The Ufm1-activating enzyme Uba5 is indispensable for erythroid differentiation in mice.

Tatsumi K, Yamamoto-Mukai H, Shimizu R, Waguri S, Sou YS, Sakamoto A, Taya C, Shitara H, Hara T, Chung CH, Tanaka K, Yamamoto M, Komatsu M - Nat Commun (2011)

Suppression of defective differentiation of both erythrocytes and megakaryocytes following expression of Uba5 in erythroid lineage.(a) FACS analysis. Mouse fetal liver cells were freshly isolated from control and rescued mice at E11.5 and labelled with an FITC-conjugated anti-CD71 monoclonal antibody and PE-conjugated anti-Ter119 antibody. Left gate: proerythroblast population (Ter119med CD71high), right gate: basoerythroblast population (Ter119high CD71high). Axes mean log10 fluorescent intensity. (b) Quantification of erythroid colony-forming units (CFU-Es) and (c) erythroid burst-forming units (BFU-Es). Colony assays were carried out with cells prepared from control and rescued fetal liver at E11.5. The number of CFU-E (b) and BFU-E (c) colonies remained unchanged in both genotypes. Data are means±s.d. of five mice from each group. (d) Colony formation assay for megakaryocytes (CFU-Meg). The assays were carried out with cells prepared from the fetal liver of the indicated genotypes at E11.5. Uba5 deletion was accompanied by a weaker megakaryocytic differentiation activity, and this defect was suppressed by forced expression of Uba5 in megakaryocytic lineage. Data are means±s.d. of Uba5+/− (n=3), Uba5−/− (n=4) and Uba5−/−;TgUba5 (n=3). Statistical analysis was carried out using the unpaired t-test. **P<0.01 (Welch test). (e) FACS analysis. The myeloid progenitors (Lin−IL-7R−Sca-1−c-Kit+) prepared from liver cells of control and rescued fetuses at E11.5 were subfractionated into presumptive common myeloid progenitors (CD34highFcγRII/IIIlow), granulocyte/macrophage progenitors (CD34highFcγRII/IIIhigh) and megakaryocyte/erythroid progenitors (CD34lowFcγRII/IIIlow) by FACS. Axes mean log10 fluorescent intensity. (f) TUNEL staining of the fetal livers of control and rescue mice at E12.5. Scale bars: top panel, 100 μm; bottom panel, 20 μm.
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f4: Suppression of defective differentiation of both erythrocytes and megakaryocytes following expression of Uba5 in erythroid lineage.(a) FACS analysis. Mouse fetal liver cells were freshly isolated from control and rescued mice at E11.5 and labelled with an FITC-conjugated anti-CD71 monoclonal antibody and PE-conjugated anti-Ter119 antibody. Left gate: proerythroblast population (Ter119med CD71high), right gate: basoerythroblast population (Ter119high CD71high). Axes mean log10 fluorescent intensity. (b) Quantification of erythroid colony-forming units (CFU-Es) and (c) erythroid burst-forming units (BFU-Es). Colony assays were carried out with cells prepared from control and rescued fetal liver at E11.5. The number of CFU-E (b) and BFU-E (c) colonies remained unchanged in both genotypes. Data are means±s.d. of five mice from each group. (d) Colony formation assay for megakaryocytes (CFU-Meg). The assays were carried out with cells prepared from the fetal liver of the indicated genotypes at E11.5. Uba5 deletion was accompanied by a weaker megakaryocytic differentiation activity, and this defect was suppressed by forced expression of Uba5 in megakaryocytic lineage. Data are means±s.d. of Uba5+/− (n=3), Uba5−/− (n=4) and Uba5−/−;TgUba5 (n=3). Statistical analysis was carried out using the unpaired t-test. **P<0.01 (Welch test). (e) FACS analysis. The myeloid progenitors (Lin−IL-7R−Sca-1−c-Kit+) prepared from liver cells of control and rescued fetuses at E11.5 were subfractionated into presumptive common myeloid progenitors (CD34highFcγRII/IIIlow), granulocyte/macrophage progenitors (CD34highFcγRII/IIIhigh) and megakaryocyte/erythroid progenitors (CD34lowFcγRII/IIIlow) by FACS. Axes mean log10 fluorescent intensity. (f) TUNEL staining of the fetal livers of control and rescue mice at E12.5. Scale bars: top panel, 100 μm; bottom panel, 20 μm.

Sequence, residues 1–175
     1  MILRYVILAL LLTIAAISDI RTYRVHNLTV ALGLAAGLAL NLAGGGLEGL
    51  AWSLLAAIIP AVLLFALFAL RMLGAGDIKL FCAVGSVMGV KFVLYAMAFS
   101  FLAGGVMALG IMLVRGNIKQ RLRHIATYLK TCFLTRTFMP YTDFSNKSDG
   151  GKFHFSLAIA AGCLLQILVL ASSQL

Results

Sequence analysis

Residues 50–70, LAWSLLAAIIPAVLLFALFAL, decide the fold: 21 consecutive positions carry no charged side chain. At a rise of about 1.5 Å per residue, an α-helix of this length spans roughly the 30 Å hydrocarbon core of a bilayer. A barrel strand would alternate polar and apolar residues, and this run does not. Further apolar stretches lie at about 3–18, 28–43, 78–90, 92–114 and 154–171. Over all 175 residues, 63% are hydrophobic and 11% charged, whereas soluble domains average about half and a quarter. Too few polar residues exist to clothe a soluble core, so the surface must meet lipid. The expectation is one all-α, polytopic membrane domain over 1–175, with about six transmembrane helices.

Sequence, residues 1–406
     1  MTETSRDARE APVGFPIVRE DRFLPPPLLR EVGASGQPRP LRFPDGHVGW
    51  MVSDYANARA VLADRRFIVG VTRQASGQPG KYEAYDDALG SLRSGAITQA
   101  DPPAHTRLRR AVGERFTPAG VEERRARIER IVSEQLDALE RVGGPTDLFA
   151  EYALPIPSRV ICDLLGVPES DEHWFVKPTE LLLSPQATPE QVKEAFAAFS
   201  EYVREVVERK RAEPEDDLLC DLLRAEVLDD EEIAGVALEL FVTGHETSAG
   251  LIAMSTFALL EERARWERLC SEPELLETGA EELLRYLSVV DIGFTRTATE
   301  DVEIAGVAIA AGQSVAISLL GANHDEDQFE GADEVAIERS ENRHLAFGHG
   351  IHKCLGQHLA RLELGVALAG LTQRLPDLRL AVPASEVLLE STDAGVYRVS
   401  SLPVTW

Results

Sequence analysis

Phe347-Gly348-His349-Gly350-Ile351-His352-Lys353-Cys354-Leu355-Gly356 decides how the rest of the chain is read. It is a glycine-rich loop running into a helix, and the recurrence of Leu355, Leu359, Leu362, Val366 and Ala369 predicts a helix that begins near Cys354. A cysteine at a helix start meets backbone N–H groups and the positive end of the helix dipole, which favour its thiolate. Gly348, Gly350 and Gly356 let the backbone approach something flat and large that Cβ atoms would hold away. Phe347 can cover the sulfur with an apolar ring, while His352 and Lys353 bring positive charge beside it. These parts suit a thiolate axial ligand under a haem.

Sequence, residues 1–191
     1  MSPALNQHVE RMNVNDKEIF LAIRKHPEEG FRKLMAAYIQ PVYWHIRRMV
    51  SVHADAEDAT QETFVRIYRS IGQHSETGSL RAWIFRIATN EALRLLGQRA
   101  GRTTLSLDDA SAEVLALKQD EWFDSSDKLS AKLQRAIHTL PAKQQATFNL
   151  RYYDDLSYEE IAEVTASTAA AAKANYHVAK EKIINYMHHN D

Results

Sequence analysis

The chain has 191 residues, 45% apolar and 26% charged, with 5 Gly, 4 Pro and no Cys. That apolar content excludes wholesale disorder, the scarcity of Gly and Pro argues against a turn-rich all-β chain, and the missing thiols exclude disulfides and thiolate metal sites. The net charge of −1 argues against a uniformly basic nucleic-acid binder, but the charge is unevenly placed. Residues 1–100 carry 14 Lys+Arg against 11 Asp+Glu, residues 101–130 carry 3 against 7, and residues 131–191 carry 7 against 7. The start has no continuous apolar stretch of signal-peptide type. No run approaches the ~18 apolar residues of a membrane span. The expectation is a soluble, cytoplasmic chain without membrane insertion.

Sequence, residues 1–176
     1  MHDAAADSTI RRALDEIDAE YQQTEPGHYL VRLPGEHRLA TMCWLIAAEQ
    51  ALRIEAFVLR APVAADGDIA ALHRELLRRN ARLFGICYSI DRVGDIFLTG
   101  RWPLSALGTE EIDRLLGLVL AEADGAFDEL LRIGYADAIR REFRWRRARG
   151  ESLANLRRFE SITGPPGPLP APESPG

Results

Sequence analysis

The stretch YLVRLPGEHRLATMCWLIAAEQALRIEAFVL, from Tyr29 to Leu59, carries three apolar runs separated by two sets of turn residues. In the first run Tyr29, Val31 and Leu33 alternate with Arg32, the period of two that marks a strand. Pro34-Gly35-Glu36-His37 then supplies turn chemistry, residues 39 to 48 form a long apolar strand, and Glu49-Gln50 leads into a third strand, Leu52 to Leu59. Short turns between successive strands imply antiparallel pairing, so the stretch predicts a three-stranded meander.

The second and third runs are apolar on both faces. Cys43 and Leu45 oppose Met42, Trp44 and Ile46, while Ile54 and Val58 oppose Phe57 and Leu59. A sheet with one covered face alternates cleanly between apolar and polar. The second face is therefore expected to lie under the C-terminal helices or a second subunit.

Mentions: Next, we examined the effect of Uba5 expression in the erythroid lineage on the differentiation of proerythroblasts and basophilic erythroblasts in Uba5−/− mice. The decreased population of proerythroblasts and basophilic erythroblasts in Uba5-deficient fetal liver (4.2±3.2% and 1.0±0.6%, respectively, n=3, Fig. 2a) was rescued by forced expression of Uba5 (9.7±1.6% and 18.2±8.7%, respectively, n=3, Fig. 4a). Subsequently, we confirmed both CFU-E and BFU-E activities in cells derived from Uba5-rescued mouse fetal livers (Fig. 4b,c, and compare with Fig. 2b,c) as well as the sufficient ability to form CFU-Megs (Fig. 4d). As expected, the decreased population of MEPs in Uba5-deficient fetal liver (4.1±3.5%, n=3, Fig. 2d) was recovered in the rescued fetal liver (10.2±1.6%, n=3, Fig. 4e). Moreover, unlike the increase in TUNEL-positive cells in Uba5-deficient fetal livers, this phenomenon was hardly detected in the rescued mouse livers (Fig. 4f and Supplementary Fig. S5b). Taken together, these results indicate that Uba5 expression in erythroid and megakaryocytic progenitors grants functional rescue of defective erythropoiesis and megakaryopoiesis in Uba5−/− mice.

Bottom Line: In this study, we report the essential role of Uba5, a specific activating enzyme for the ubiquitin-like modifier, Ufm1, in erythroid development.Although Uba5 was dispensable for the production of erythropoietin, its genetic loss led to impaired development of megakaryocyte and erythroid progenitors from common myeloid progenitors.Our results suggest that one of the ubiquitin-like protein modification systems, the Ufm1 system, is involved in the regulation of haematopoiesis.

View Article: PubMed Central - PubMed

Affiliation: Protein Metabolism Project, Tokyo Metropolitan Institute of Medical Science, Kamikitazawa 2-1-6, Setagaya-ku, Tokyo 156-8506, Japan.

ABSTRACT
Post-translational protein modifications are systems designed to expand restricted genomic information through functional conversion of target molecules. Ubiquitin-like post-translational modifiers regulate numerous cellular events through their covalent linkages to target protein(s) by an enzymatic cascade analogous to ubiquitylation consisting of E1 (activating), E2 (conjugating) and E3 (ligating) enzymes. In this study, we report the essential role of Uba5, a specific activating enzyme for the ubiquitin-like modifier, Ufm1, in erythroid development. Mice lacking Uba5 exhibited severe anaemia, followed by death in utero. Although Uba5 was dispensable for the production of erythropoietin, its genetic loss led to impaired development of megakaryocyte and erythroid progenitors from common myeloid progenitors. Intriguingly, transgenic expression of Uba5 in the erythroid lineage rescued the Uba5-deficient embryos from anaemia and prolonged their survival, demonstrating the importance of Uba5 in cell-autonomous erythroid differentiation. Our results suggest that one of the ubiquitin-like protein modification systems, the Ufm1 system, is involved in the regulation of haematopoiesis.

Show MeSH
Related in: MedlinePlus